Henri Cartier-Bresson

Date/place of birth

August 22, 1908, Chanteloup-en-Brie, France

Day/place of death

August 3, 2004, Montjustin, France

Henri Cartier-Bresson - On the Rhine river
Henri Cartier-Bresson - On the Rhine river

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Henri Cartier-Bresson biography

Henri Cartier-Bresson lived for the moment, the special and unrepeatable instant in which he pressed the button on his camera and created a further original pictorial document. The French photo artist had an infallible sense of composition and opportunity and left behind a historically laden body of iconic black and white photographs.

Henri Cartier-Bresson - Studies with André Lhote; passion for photography

Henri Cartier-Bresson was born in Chanteloup-en-Bire, Seine-et-Marne on 22 August 1908. The son of a prosperous textile manufacturer, he could choose any career path, but failed to graduate from the Lycée Condorcet. His early fascination with art took the form of painting, in particular Surrealism. Henri Cartier-Bresson studied with the Cubist André Lhote in Paris and turned to photography at the beginning of the 1930s; for his first large photo reportage, he spent a year on the Ivory Coast where he discovered the Leica as his camera of choice. His first solo exhibition opened as early as 1933 in the Julian Levy Gallery in New York and whilst the number of publications in magazines and in exhibitions grew, he gathered further experience with the photo pioneer Paul Strand and on several trips, including to London where he photographed the coronation of George VI in 1937. He also ventured into the turmoil of the Spanish Civil War with the journalist Herbert Kline to document the operations of the American Medical Bureau.

A single moment determines the quality of the picture

Henri Cartier-Bresson also garnered experience with moving pictures and worked on three films by the French film director Jean Renoir as his assistant, including the influential classic La Règle du Jeu. Cartier-Bresson himself as director was only responsible for documentaries as he did not permit himself sufficient creative power for a fictional work. However, he set standards as a photographer, whereby his theory of the decisive moment, postulated in 1952, achieved widespread impact and influenced many later photographers. In it, Cartier-Bresson emphasised that one could not learn photography, but must received it as a gift, as a writer of poetry. Luck and intuition belong to photography, but also the practised eye, the conscious choice of the appropriate perspective, an awareness of geometry and incidence of light. According to Cartier-Bresson, an important prerequisite for recognising the right moment is the choice of the correct location: familiarity with the surrounding area, taking advantage of local conditions – sometimes the difference between an average and a brilliant photo is only whether the photographer climbed up the wall in time.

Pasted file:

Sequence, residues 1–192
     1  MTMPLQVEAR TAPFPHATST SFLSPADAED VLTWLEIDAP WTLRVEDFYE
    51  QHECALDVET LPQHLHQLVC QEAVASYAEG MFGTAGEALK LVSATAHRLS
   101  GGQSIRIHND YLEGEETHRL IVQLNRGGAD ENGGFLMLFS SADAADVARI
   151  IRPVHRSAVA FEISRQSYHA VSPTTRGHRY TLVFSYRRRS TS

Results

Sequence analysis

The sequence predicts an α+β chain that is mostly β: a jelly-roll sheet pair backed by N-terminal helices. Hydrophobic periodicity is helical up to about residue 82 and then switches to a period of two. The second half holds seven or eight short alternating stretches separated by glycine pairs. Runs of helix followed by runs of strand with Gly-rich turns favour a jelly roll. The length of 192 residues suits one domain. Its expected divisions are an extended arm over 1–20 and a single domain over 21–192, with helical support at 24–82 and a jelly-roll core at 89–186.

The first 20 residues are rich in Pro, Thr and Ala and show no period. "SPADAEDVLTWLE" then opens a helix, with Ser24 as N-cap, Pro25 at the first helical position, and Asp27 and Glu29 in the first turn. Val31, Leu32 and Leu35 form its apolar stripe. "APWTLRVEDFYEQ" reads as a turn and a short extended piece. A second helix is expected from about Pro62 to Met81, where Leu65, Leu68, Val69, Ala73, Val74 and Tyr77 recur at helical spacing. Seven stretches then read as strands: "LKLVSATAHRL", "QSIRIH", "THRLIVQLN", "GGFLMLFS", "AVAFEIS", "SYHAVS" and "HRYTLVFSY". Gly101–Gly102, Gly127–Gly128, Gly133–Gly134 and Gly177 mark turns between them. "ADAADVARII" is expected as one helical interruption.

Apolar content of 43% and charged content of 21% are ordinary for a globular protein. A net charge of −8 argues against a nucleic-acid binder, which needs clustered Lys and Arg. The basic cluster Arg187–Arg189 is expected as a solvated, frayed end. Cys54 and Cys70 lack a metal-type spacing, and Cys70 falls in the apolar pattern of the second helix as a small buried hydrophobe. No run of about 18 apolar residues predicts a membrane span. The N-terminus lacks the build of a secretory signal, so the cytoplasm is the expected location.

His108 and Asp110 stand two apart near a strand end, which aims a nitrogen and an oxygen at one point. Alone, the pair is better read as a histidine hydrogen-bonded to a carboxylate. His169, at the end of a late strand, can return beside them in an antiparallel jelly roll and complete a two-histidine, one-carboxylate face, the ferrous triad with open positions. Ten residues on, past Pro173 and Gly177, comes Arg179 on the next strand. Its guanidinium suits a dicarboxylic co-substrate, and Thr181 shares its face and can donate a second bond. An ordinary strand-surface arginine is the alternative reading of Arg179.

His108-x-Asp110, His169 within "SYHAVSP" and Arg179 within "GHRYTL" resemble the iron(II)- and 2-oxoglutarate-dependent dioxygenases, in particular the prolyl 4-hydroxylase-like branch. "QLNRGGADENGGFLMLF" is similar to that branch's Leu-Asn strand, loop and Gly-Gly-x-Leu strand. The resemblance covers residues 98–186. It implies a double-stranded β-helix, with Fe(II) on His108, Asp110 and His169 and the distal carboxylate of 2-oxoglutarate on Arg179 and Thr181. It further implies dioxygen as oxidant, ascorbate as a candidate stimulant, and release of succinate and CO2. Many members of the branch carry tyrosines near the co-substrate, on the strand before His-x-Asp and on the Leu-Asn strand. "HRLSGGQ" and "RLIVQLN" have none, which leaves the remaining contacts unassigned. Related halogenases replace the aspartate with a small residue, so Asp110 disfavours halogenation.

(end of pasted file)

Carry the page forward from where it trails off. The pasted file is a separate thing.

Chronicler of the Second World War; founder of the Magnum agency

In contrast to his sheltered childhood, Henri Cartier-Bresson experienced the horrors of the Second World War at first hand: he was captured as a prisoner of war, and after two failed attempts to escape, eventually arrived in Paris where he joined the photographers of the Resistance and documented the liberation from the National Socialist occupiers. There was the occasional rumour that he had been killed in the war, prompting the Museum of Modern Art to announce a ‘posthumous’ retrospective in his honour. Cartier-Bressonw was touched and offered his collaboration. In order to strengthen the rights of photographers to their own pictures, he founded the agency Magnum Photos in New York with three acclaimed colleagues, Robert Capra, David Seymour and George Rodger. In India he met Gandhi shortly before his murder, documented the founding of the People’s Republic of China, and was permitted as one of the first foreign photographer to enter the Soviet Union after the start of the Cold War. In 1955, Cartier-Bresson was the first photographer to be given the opportunity to display his pictures in the venerable Louvre Museum.

Henri Cartier-Bresson died on 3 August 2004 in Montjustin, Alpes-de-Haut-Provence. His wife, the Magnum photographer Martine Franck, took care of his artistic estate with the Fondation Henri-Cartier-Bresson.

© Kunsthaus Lempertz

Henri Cartier-Bresson Prices

ArtistArtworkPrice
Henri Cartier-BressonOn the Rhine river€7.502
Henri Cartier-BressonBelgien€7.140
Henri Cartier-BressonMexico€6.875
Henri Cartier-BressonUn eunuque de la Cour Impériale de la dernière Dynastie, Pékin, Chine€6.448
Henri Cartier-BressonUntitled (Riverbank)€6.344
Henri Cartier-BressonBingen€6.292

Henri Cartier-Bresson - Current offers and reference objects